What All Freelancers Need to Know About Sales Funnels

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You’re passionate about photography, writing, or digital design, and you believe your service provides value. However, you’re just not sure how to get the attention of your audience, where to find prospects, and how to turn those prospective customers into paying clients.

It may seem daunting, but the process can be simplified when you understand what your sales funnel looks like, and how your target audience moves through that funnel to transform from lead, to prospect, to customer.

Below, I’ll start by defining what a typical sales funnel looks like, then I’ll take you through sourcing leads – nurturing and engaging those contents into prospects – and ultimately closing the deal.

What Is a Sales Funnel?

In the simplest terms, a sales funnel is a visualization of the ideal process you intend your customers to experience as they go from a lead, to a prospective buyer, to a customer:

An illustration of the 'sales funnel'.

While the funnel can vary from business to business in terms of where you source prospects and how you engage with them, it’s typically broken down into three stages:

1. Awareness

The opening of the funnel is where you’re capturing the initial attention of your audience and beginning their education. However, you’re not pushing, promoting, or educating them on a specific solution – it’s too early (at the moment) to sell to them.

You’re providing information on topics, questions, and issues that matter to them most. Awareness is where the foundation of trust begins.

This is also the widest part of your funnel, which means it’s not about delivering precision content. You’re casting a wide net to get your audience’s attention.

2. Evaluation

If you’re standing in a store, deciding between a number of different products to purchase, you may want the advice of a sales rep – but you’re not yet ready to buy. A rep trying to close a sale before you’ve made a decision would frustrate you – you’ll likely want some help narrowing your choices, and you need to trust the rep enough to help lead you, rather than sell to you.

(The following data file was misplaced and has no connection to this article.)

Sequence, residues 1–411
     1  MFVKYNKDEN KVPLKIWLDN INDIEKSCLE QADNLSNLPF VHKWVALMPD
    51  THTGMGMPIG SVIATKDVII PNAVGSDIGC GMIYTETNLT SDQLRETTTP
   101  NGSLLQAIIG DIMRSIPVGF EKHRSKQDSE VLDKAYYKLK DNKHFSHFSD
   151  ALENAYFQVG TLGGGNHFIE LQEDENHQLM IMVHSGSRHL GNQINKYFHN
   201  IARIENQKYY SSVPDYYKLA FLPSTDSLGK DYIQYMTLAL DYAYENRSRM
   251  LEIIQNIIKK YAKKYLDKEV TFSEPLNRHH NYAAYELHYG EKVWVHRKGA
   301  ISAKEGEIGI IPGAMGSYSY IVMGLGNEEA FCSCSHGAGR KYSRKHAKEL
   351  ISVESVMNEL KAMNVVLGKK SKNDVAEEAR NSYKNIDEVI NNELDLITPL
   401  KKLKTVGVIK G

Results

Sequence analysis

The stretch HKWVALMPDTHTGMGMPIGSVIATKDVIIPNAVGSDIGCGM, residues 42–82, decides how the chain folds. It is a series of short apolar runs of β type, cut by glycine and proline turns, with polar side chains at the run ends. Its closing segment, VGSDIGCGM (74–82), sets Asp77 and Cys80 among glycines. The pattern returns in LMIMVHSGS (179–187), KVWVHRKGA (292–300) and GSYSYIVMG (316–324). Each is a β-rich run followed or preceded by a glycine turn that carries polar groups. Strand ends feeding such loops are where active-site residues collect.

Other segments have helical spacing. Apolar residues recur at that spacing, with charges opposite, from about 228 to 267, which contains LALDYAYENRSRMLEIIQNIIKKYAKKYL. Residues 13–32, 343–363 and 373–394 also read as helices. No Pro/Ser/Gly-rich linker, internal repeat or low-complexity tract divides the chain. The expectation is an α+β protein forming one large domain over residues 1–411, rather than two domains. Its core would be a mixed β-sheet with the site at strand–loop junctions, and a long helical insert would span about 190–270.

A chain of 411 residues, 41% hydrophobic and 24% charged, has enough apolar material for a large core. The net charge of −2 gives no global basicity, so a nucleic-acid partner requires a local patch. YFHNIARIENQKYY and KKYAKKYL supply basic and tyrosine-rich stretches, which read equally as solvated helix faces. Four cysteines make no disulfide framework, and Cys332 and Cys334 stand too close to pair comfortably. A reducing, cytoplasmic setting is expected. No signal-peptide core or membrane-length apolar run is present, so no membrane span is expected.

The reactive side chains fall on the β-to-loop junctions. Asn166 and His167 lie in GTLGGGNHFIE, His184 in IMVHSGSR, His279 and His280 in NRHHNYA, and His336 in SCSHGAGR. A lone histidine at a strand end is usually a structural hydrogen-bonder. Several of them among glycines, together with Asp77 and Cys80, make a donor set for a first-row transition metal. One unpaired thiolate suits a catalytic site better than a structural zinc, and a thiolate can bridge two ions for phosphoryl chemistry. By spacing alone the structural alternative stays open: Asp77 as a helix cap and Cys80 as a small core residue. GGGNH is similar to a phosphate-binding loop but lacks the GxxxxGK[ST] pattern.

In the evaluation phase (or consideration phase), you’re tackling bigger, more specific issues that your audiences is looking for online. Your goal here is to serve content to help them solve specific challenges.

Your audience is acutely aware of their issue, and they’re also aware of your brand and what you can provide. Your engagement here solidifies trust as they make comparisons, weigh up the pros and cons, and look for information on how a specific solution will solve their problem.

3. Purchase

The purchase phase is the bottom of your sales funnel. Leads at this stage have interacted with you enough, and absorbed enough top and mid-funnel content, that they’re ready to make a choice.

That doesn’t guarantee a sale, but they’re likely to convert. Your engagement focuses on overcoming final objections and highlighting the value proposition of your solution, empowering them to make an educated decision.

Sourcing Leads

Your audience won’t just stumble into your sales funnel by accident. For freelancers, the opening of your sales funnel is the inbound and outbound marketing you’re doing to generate traffic, and the funnel only works if you’re feeding leads into it.

Here are some of the most common ways freelancers feed their sales funnel:

Nurturing Leads into Customers

Finding leads to feed your sales funnel is the easy part. The real challenge is nurturing the relationship through value-driven engagement that makes someone see the benefit of doing business with you, and creating the trust to move them to the final phase.

Lead nurturing is often done through continued engagement on social channels, blog content, and via email campaigns directed at leads you’ve captured.

For example, you create an opt-in offer for a free e-book on local marketing. For anyone who converts, you continue to engage them through a series of emails loaded with advice that builds trust and engagement.

Eventually, you present an offer to your subscribers for a discount on a service as part of your autoresponder series. Your subscribers are more likely to convert because you’ve built a relationship and you’re offering a helpful solution.

Conclusion

The work doesn’t end when you close a sale. As a freelancer you constantly need to feed your funnel to generate new clients and revenue. Remember the following:

  1. Use multiple lead sources, and generate content to feed new prospects into the top of your funnel.
  2. Continually market value-oriented content to build new relationships (and maintain existing relationships) in the evaluation phase of your funnel.
  3. Provide actionable information and valuable engagement to move leads (new and old) into the purchase phase.

Never stop marketing your freelance business, and continue to nurture leads and current customers to ensure consistent growth and new business.

Do you have a strategy for nurturing leads through your own sales funnel? Share your tips in the comments section below!

Image credit: Eric Delcroix.

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